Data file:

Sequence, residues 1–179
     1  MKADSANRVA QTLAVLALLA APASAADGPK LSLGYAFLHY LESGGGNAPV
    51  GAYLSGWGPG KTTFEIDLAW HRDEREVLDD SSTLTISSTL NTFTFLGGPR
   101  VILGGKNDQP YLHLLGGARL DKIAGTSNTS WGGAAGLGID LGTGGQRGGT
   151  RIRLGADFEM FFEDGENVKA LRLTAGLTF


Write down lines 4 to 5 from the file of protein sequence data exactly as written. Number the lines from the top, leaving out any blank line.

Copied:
   101  VILGGKNDQP YLHLLGGARL DKIAGTSNTS WGGAAGLGID LGTGGQRGGT
   151  RIRLGADFEM FFEDGENVKA LRLTAGLTF